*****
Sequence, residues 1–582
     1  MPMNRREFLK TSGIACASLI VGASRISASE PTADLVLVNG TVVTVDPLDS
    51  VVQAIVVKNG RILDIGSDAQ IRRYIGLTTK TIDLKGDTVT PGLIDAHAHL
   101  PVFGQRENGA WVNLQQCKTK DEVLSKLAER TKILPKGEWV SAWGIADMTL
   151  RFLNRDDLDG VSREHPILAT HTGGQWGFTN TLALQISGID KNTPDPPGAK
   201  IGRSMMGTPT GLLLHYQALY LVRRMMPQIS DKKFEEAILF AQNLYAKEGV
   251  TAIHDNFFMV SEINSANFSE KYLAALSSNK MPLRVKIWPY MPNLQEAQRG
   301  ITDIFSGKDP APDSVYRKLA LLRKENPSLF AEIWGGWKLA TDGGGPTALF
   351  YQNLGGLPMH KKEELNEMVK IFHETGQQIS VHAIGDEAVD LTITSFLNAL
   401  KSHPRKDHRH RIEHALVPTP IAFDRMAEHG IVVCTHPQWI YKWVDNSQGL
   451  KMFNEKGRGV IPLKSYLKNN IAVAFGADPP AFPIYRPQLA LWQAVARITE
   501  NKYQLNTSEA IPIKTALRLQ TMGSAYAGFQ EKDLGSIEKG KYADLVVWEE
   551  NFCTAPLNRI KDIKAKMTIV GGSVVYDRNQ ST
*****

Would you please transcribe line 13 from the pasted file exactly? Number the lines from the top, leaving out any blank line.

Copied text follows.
   551  NFCTAPLNRI KDIKAKMTIV GGSVVYDRNQ ST